Swift began another year of style (and hair) transformations at the 2016 Grammys in an Atelier Versace bandeau top and floor-length skirt, while also debuting her new blunt bob.

Photo: From .

While walking the red carpet at *Vanity Fair*’s Oscars party, Swift showed off what may be her sexiest look to date. Her couture Alexandre Vauthier gown included a thigh-high slit and a neckline that just barely missed her belly button.

While walking the red carpet at Vanity Fair’s Oscars party, Swift showed off what may be her sexiest look to date. Her couture Alexandre Vauthier gown included a thigh-high slit and a neckline that just barely missed her belly button.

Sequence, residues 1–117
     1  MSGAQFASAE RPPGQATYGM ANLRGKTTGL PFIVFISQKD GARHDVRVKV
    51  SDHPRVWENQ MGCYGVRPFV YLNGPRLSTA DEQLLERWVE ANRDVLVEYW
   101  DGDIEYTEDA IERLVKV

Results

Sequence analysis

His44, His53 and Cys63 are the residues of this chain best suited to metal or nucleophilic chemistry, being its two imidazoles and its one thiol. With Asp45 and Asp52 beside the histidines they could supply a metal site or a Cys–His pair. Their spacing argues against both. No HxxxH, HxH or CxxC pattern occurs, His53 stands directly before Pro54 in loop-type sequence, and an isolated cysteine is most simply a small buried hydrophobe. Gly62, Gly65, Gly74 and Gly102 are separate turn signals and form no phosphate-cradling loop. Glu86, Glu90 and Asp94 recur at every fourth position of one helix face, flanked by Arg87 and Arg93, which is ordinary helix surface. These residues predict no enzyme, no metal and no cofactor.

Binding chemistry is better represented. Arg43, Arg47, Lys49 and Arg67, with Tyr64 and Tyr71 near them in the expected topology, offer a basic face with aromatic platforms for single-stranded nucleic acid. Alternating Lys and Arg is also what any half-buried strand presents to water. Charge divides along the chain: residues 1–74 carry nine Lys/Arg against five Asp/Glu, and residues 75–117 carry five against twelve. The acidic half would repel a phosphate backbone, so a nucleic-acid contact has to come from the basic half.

Photo: From .

After chopping off even more of her hair for her May 2016 *Vogue* cover, Swift took it to the next step by dyeing it bleach blonde. She kept up the edge for her hosting duties at the Met Gala, where she wore a silver cutout Louis Vuitton dress, paired with lace-up sandals and a dark lip.

After chopping off even more of her hair for her May 2016 Vogue cover, Swift took it to the next step by dyeing it bleach blonde. She kept up the edge for her hosting duties at the Met Gala, where she wore a silver cutout Louis Vuitton dress, paired with lace-up sandals and a dark lip.

Photo: From .

At the 2006 C.M.A. Awards when she was just 16, Taylor Swift was a fresh face. Her curls were slightly 80s, but she definitely stood out.

by Rick Diamond/WireImage.